Mrs. Bottomley

I am surprised by the right hon. Gentleman's comment, since informed commentators, professionals and many politicians on all sides have recognised that there is a need to tackle the over-provision of beds in London. That over-provision can be tackled only as the primary care services develop. I should have thought that the right hon. Gentleman would agree that there was a misuse of hospital beds in London because of inadequate primary care services. In addition, the implementation of community care must be closely tied in with further steps on hospitals.

As for the Queen Elizabeth hospital in Hackney, which I have visited a number of times, it will join with the Homerton hospital to continue to provide a good quality local service. We certainly hope that the research, staff and ties of loyalty with Great Ormond Street will continue, but when the right hon. Gentleman studies the Tomlinson report, he will see that it makes a powerful argument for ensuring that single specialty hospitals are drawn in to the local community that they serve so that they can benefit from the range of skills at the local district general hospital, as with the London Chest hospital joining the London hospital.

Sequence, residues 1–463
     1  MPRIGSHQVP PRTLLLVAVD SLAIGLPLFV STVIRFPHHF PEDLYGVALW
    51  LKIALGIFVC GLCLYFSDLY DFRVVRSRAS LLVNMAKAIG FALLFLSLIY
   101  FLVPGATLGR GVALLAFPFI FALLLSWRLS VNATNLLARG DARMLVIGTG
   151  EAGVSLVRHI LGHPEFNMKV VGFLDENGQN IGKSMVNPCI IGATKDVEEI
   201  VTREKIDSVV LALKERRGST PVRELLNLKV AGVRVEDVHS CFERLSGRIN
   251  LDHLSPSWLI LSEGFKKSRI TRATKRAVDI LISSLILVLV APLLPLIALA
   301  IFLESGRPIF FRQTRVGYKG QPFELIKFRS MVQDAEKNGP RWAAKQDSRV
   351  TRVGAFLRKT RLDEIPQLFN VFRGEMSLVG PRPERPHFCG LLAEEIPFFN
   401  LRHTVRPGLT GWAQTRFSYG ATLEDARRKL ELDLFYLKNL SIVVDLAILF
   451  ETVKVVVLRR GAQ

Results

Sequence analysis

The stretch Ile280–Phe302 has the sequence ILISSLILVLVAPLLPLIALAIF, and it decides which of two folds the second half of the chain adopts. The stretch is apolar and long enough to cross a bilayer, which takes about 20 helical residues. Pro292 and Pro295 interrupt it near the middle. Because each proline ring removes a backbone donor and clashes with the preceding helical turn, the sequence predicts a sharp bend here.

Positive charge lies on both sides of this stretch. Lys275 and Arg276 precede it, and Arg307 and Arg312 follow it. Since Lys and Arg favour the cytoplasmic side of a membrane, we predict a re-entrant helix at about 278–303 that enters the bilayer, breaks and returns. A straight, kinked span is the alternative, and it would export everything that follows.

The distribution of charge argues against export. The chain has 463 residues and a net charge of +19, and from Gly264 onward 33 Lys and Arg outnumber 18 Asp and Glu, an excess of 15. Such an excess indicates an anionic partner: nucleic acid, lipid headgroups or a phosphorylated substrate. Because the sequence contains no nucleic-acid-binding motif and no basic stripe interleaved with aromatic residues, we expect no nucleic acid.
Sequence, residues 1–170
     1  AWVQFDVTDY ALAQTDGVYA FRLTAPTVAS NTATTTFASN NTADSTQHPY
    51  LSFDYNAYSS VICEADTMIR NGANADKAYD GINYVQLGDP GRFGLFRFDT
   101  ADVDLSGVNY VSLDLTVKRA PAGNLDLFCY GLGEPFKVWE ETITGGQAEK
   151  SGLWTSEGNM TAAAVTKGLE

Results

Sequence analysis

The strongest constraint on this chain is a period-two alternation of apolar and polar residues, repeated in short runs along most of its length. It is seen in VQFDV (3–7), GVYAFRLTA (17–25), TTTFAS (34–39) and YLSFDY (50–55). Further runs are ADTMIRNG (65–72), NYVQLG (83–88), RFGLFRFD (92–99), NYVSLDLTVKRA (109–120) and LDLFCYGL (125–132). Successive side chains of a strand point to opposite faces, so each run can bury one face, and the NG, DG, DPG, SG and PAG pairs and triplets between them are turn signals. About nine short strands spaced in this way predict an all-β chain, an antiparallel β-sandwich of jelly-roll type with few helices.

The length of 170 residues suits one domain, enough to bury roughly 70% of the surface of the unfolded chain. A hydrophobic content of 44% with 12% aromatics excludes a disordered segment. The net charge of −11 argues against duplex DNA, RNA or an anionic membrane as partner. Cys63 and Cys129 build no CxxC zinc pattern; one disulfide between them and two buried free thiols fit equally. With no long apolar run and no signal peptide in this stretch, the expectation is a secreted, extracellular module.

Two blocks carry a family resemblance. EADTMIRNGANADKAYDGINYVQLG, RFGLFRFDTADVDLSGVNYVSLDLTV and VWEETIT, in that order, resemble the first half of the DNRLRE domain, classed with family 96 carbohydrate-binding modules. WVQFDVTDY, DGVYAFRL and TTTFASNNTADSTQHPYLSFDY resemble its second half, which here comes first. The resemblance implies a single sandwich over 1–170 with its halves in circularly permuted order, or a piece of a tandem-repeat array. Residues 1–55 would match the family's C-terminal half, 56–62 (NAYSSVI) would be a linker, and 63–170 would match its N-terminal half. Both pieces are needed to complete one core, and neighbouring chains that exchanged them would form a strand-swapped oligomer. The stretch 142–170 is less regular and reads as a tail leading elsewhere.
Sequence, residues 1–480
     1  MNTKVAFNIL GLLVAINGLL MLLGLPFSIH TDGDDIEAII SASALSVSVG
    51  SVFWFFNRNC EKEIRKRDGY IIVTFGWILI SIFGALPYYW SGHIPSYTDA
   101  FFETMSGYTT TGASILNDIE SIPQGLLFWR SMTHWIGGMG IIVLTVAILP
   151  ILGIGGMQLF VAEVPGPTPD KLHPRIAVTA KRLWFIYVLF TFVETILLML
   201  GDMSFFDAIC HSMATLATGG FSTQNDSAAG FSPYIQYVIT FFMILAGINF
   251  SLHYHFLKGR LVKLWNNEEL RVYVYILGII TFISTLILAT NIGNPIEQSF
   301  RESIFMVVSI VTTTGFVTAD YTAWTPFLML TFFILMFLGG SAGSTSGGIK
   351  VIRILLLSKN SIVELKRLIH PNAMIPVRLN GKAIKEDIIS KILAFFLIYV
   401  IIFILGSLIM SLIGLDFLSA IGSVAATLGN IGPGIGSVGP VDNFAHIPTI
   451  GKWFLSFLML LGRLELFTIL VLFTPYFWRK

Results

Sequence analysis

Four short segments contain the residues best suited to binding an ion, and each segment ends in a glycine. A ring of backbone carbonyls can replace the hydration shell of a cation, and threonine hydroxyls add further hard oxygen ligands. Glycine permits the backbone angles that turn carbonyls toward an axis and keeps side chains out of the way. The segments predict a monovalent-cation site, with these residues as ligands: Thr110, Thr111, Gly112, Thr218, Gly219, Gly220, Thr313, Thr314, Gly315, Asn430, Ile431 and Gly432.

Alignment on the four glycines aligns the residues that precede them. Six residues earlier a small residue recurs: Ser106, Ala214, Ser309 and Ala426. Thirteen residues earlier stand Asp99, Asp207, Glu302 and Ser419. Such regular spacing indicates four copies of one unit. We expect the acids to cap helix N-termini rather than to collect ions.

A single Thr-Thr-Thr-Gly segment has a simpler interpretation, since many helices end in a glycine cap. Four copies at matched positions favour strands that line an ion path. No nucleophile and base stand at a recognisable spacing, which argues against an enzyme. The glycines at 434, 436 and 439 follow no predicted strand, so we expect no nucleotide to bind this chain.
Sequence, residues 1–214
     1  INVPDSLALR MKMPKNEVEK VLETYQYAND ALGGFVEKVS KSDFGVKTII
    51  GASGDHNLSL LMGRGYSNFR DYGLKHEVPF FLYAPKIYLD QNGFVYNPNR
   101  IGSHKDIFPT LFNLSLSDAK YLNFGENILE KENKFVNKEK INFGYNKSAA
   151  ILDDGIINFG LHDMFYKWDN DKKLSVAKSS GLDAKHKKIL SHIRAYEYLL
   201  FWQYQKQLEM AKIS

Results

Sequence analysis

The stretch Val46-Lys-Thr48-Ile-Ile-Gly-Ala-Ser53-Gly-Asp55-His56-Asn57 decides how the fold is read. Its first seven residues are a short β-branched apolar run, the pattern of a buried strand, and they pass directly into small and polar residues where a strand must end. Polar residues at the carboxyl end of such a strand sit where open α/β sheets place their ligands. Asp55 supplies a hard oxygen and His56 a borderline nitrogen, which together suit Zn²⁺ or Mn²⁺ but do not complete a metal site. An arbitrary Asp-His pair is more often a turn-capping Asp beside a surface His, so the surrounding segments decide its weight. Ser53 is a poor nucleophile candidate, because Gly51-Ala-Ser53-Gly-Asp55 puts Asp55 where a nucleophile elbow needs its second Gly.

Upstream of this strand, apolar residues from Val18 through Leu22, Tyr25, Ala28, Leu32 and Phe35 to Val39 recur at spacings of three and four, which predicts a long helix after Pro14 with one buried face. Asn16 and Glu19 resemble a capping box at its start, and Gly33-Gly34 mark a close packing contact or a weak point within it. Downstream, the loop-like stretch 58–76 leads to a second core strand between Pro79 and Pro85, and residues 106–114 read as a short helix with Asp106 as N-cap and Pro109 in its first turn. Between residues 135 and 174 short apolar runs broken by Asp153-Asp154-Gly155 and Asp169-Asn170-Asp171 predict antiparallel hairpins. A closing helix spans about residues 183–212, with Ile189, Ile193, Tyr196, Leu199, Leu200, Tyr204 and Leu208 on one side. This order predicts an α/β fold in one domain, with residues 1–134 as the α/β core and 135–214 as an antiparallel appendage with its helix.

Dame Jill Knight (Birmingham, Edgbaston)

Does my right hon. Friend recall a leader article in The Guardian last October or November which said that only a political ostrich could fail to take note of the fact that more money per head was spent from the health budget on London than on anywhere else but that it provided a worse service? Will she confirm that most of the London hospitals were set up nearly 100 years ago and that not only treatment but the use of day beds, instead of keeping people in hospital, has changed out of all recognition since the time when the London hospital scene was first established? Will she, therefore, take the opportunity to tell the political ostriches and dinosaurs on the Opposition Benches—they seem to be about half and half—the truth about the matter?

Mrs. Bottomley

I well remember that editorial in The Guardian. I also remember a similar report in Nursing Standard which said that the professional organizations which have for years been arguing for a radical shift in resources from hospitals to primary care cannot now condemn a report which is founded on that principle.

My hon. Friend is, as ever, exactly right. The provision of health care in London is based in the past. We are determined to plan for the future. Florence Nightingale said that St. Thomas's should move out to Blackheath, and 20 reports in 100 years have urged action on us. We are determined to see exactly that action.

Mr. Brian Sedgemore (Hackney, South and Shoreditch)

Why does the Secretary of State talk to the House as though she thought that St. Bartholomew's and the Homerton hospital were separate hospitals? As she is the Secretary of State for Health, she must know that it is the same institution run by the same people, with the same doctors and consultants. She proposes to destroy both hospitals. Does she not understand that her announcement has shown her to be a medically ignorant political chancer who deserves the undying contempt of us all because she is putting at risk 100,000 people in south Hackney, 100,000 in Islington and 300,000 in the City? What is the virtue in that?